Charlie’s angles

For days I have been thinking about writing something on last week’s atrocities in Paris, starting at the offices of the satirical magazine Charlie Hebdo and ending with seventeen dead. But I have already read many, many news reports and opinion pieces that have approached the issue from all sorts of directions.

I’m not sure I have a huge amount to add. Except to say that much of the commentary demonstrates the challenges inherent in cross-cultural interpretation. There are considerable risks in interpreting the sort of satire that Charlie Hebdo produced from outside of its milieu – risks of getting the interpretation hopelessly wrong because all the allusions, undertones and implications are missed. Paul’s analogy with the way we make sense of the Alf Garnett character makes the point effectively to a UK audience; at least to a UK audience of a certain age.

Horror and incomprehension at inexcusable acts of violence has been followed by the stirring sight of hundreds of thousands – indeed milliions – of people joining marches and vigils under the rallying cry “Je suis Charlie”.* For many that was no doubt primarily a statement of solidarity – no one should die for drawing a few lines on a page. For many it was no doubt an endorsement of core practices and rights – liberty and free expression – that has been imperilled by these violent attacks. [Read more…]

Liberal Democrats and #DRIP: naïve or nefarious?

The enemies of liberty

The enemies of liberty

The sudden appearance of the Data Retention and Investigatory Powers Bill and the proposal to bulldoze it through Parliament in a few days has set off alarm bells for many who care about civil liberties.

Members of the Liberal Democrat leadership and Parliamentary party have been out and about pressing a three stranded argument to try to counter the view that their support for this Bill represents a complete abandonment of the party’s principles.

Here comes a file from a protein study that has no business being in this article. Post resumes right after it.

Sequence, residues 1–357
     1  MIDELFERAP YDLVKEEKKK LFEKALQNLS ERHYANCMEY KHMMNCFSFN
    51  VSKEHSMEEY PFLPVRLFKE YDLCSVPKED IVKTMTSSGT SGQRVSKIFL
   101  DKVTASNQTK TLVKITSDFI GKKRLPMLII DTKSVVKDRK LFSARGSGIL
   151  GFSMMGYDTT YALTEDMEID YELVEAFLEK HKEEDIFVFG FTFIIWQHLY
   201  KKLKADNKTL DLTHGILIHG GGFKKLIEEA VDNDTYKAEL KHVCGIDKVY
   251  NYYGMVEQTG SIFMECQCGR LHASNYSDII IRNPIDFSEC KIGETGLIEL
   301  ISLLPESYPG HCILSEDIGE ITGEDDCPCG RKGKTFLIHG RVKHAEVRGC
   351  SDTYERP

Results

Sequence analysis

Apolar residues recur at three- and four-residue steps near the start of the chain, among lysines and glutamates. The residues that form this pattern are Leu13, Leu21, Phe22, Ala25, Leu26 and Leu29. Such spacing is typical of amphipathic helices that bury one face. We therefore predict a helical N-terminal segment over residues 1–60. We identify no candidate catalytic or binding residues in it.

The three strands are that:

  • The Bill does no more than re-establish the status quo ante, following the adverse ECJ ruling on the legality of the previous legal framework.
  • The Bill therefore does not represent an extension of powers and is in no way comparable to the Snoopers’ Charter that the party rightly opposed only a few months ago.
  • The party has won valuable concessions in terms of constraints on, and oversight of, snooping activity, which would not have happened without hard work on the part of the Liberal Democrats. These concessions include a sunset clause to repeal the Bill in December 2016.

It seems appropriate to make three points in response. [Read more…]

The Coalition’s pernicious lobbying bill

When the Coalition’s Lobbying Bill appeared in public for the first time, just before the summer recess, much attention was focused on Part I. Most critics agree that it represents an utterly feeble attempt to address the problem of corporate lobbying. Indeed, if the Bill is passed in its current form then it may well result in a smaller proportion of the relevant activities being transparent than is the case at the moment. Not only are the critics of corporate lobbying saying this, some representatives of the lobbying industry have said very similar things.

But as we move towards the Bill being reintroduced to the House next week, more attention is focusing on Part II, which addresses non-party campaigning. [Read more…]

The enemies of liberty

hacker on dutyLast Tuesday I had a curry with friends, including a good friend who is over from Greece. The conversation touched on the rise of UKIP following recent local elections and the references to swivel-eyed lunacy among the Tory grassroots. My friend gave some flavour of the way in which Golden Dawn is carrying out a seemingly choreographed series of violent attacks around Greece – ransacking buildings and setting fires for no apparent reason, other than because they’re generally angry and seemingly they can get away with it.

It was concluded that in the UK we are fortunate that the impulse to the Radical Right is largely channelled through the democratic process, rather than migrating to lawlessness on the streets. The conversation moved on.

How quickly things change. [Read more…]

On #LDConf – good, bad, indifferent?

This year’s Liberal Democrat autumn conference in Brighton is heading towards its final day. There was a lot of interesting substance to some of the discussions I attended. The conference also raised plenty of questions about the way the party goes about its business. I may return to some of them in future. Here I’ll just note a couple of issues that stood out.


Today’s motion F41: No Government above the law – the Justice and Security Bill was trailed as a likely flashpoint for dissent. And so it proved. The motion called for the Coalition to withdraw part II of the Bill which allows for so-called “secret courts” and for Liberal Democrat Parliamentarians to vote against it if necessary.  The leadership introduced an amendment that would effectively neutralise the motion. People were quick to see this as a wrecking amendment.

This is the sort of issue upon which Liberal Democrats know their own mind. It is an issue that goes absolutely to the heart of the Liberal Democrats’ self-identity. A commitment to upholding civil liberties is just about the only thing everyone can agree on.